Time flies as we again report on our DIY Portfolio progress. In a similar fashion, you can expect our next update in about 12 weeks.
You can have a look at previous portfolio updates here:
Lots of companies have to reform their entire business model in these changing times. Some still thrive and even found unforeseen ways to reduce their costs. Others, not so much. Maintaining some level of sales or surviving till things get back to the new normal may be the key for most.
Despite all uncertainties, a lot of positives may be coming out of this year’s turmoil. For one thing, we were kind of obliged to adopt environment friendly solutions like telecommuting. A sense of solidarity also greatly developed in several communities. Even more important for humanity’s sake, you know who will probably get kicked out.
The next big question for many worried investors is how will the markets react to all of this?
Once more, I’ll remind you that I am not an investment or tax professional of any kind. The intent of this blog is not to give specific investing advice. Before investing yourself, we suggest you do all necessary research and consult a licensed financial professional if need be.
Still Going Strong
Our answer is still somewhat the same: we don’t really know but don’t care that much.
What is important is that we remain confident our DIY Portfolio will fare well in the long haul, no matter all these short-term interrogations.
After all, rising markets provide us interesting returns. On the other hand, declining markets still provide appealing buying opportunities. We just have to remain ready to seize them at any given moment.
Our DIY Portfolio value is back in the positive for the year. Which is a tad surprising will all ongoing crisis affecting markets on several fronts. But as we said before, the worst of it may still be coming. And again, there’s no point constantly worrying about it. It’s the reality of the markets, they always fluctuate, and we never know which direction they will take next.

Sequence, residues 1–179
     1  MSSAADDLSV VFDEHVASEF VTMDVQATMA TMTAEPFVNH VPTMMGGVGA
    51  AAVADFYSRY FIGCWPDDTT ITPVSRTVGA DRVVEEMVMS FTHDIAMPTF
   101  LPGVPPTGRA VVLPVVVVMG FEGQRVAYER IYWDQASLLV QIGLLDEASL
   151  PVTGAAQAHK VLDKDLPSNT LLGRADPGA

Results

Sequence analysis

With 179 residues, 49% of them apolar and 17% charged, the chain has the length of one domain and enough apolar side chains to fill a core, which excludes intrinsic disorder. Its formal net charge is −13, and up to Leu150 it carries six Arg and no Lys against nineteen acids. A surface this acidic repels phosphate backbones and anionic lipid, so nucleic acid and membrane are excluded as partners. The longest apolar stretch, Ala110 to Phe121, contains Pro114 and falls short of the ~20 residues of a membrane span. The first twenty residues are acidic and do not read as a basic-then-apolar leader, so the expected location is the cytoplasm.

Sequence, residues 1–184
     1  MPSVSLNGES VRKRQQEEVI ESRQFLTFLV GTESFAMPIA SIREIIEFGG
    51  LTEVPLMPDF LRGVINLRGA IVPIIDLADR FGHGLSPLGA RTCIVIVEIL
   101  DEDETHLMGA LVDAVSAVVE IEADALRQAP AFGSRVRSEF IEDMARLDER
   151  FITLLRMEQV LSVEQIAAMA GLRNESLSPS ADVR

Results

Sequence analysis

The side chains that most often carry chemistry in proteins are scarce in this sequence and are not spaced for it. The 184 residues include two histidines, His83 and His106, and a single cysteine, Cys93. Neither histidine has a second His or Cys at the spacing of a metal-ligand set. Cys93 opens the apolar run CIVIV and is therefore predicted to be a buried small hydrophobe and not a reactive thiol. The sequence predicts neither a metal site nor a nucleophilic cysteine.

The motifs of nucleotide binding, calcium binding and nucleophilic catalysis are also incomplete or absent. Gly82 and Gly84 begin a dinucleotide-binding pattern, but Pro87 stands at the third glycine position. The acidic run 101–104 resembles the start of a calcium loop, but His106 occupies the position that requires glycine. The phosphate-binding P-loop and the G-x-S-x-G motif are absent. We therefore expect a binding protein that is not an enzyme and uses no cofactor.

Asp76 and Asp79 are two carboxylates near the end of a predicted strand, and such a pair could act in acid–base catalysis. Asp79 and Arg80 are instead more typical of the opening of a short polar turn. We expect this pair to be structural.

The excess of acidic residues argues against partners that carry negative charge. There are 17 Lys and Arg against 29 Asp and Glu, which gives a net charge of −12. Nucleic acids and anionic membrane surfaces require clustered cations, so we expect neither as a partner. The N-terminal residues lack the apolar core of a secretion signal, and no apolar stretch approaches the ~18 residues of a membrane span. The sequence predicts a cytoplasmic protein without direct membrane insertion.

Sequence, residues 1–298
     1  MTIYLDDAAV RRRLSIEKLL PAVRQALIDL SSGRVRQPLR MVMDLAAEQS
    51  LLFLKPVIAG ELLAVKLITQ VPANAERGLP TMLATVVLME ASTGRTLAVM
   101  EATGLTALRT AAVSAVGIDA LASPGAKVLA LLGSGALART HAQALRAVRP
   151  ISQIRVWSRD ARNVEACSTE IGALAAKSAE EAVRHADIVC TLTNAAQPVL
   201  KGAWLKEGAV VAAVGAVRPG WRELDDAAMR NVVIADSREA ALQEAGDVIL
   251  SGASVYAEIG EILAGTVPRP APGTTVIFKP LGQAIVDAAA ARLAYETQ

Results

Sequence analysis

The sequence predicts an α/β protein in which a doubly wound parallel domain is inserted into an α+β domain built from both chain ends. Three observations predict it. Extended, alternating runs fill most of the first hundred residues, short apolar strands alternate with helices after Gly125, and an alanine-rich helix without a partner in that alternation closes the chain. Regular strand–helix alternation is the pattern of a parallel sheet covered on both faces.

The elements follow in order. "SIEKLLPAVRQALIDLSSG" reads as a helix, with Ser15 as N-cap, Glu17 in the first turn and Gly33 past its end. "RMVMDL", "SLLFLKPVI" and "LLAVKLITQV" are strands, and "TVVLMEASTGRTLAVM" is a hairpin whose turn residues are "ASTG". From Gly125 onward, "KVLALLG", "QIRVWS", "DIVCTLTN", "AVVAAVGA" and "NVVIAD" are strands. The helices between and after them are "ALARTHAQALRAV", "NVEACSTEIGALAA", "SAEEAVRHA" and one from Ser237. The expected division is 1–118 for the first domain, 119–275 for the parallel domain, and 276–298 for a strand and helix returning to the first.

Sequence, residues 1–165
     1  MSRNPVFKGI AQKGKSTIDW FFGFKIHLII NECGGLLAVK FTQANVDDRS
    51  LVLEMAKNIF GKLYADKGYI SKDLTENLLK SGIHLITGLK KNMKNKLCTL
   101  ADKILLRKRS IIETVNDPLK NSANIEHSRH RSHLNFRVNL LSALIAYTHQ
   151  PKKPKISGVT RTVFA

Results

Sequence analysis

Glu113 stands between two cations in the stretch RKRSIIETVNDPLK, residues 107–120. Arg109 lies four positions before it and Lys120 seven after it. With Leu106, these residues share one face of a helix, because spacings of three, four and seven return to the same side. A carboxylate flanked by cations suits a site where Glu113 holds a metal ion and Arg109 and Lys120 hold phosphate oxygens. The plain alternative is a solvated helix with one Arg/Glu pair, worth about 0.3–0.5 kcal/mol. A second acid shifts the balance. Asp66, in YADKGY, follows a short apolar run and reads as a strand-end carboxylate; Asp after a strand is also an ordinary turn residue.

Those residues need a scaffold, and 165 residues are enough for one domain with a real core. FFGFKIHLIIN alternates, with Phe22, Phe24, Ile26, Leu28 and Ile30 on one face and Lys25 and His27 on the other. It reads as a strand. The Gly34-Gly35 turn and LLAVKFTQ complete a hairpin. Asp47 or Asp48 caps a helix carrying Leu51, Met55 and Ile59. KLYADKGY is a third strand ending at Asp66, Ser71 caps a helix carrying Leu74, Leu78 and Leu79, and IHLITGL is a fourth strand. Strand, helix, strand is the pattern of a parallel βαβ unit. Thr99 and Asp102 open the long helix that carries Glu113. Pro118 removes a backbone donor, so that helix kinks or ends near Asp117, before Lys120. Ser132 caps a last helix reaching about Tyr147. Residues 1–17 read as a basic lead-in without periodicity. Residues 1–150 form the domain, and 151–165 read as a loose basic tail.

For now, our overall long-term portfolio performance still hovers around 12%. With somewhat anticipated levels of dividends around 4% and capital gains near 8%.
Last time, we talked about a wild ride and looks like we survived it thus far.
Canadian Content Significantly Lagging US
What has been very different lately is that Canadian stock price levels have been severely battered down in the last few months. And contrary to their US counterparts, they have not rebounded up as much.
In our case, this translates in the US side of our DIY Portfolio doing very well with a total return near 14%. Our Canadian side of things is much lower with a total return around only 9%. The main difference comes from a US capital return of almost 11% versus a pretty anemic Canadian capital return under 5%.
Should we be worried about our Canadian stocks doing so bad?
Again, we are not that worried. We simply view these figures as a hint of what may be coming for Canadian stocks: much better days.
In our last report, we stated the Canadian portion of our portfolio needed some love. So, in practice, this will simply mean we will proportionally buy more Canadian stocks for a while. You have to see it as good Canadian stocks being on sale. And when something good is on sale, you can afford to buy more.
Not that it matters than much, but our timing may be great because most of our new money will be invested in our TFSAs and TFSAs are a very good place for Canadian content. All of our US content remains in RRSPs to avoid the 15% US withholding tax on dividends.